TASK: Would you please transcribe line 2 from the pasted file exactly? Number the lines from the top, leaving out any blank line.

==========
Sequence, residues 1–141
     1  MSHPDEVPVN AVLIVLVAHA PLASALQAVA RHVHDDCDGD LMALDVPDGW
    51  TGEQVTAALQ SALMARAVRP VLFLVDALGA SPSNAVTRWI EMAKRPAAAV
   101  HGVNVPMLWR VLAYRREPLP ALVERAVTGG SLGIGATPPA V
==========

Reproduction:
     1  MSHPDEVPVN AVLIVLVAHA PLASALQAVA RHVHDDCDGD LMALDVPDGW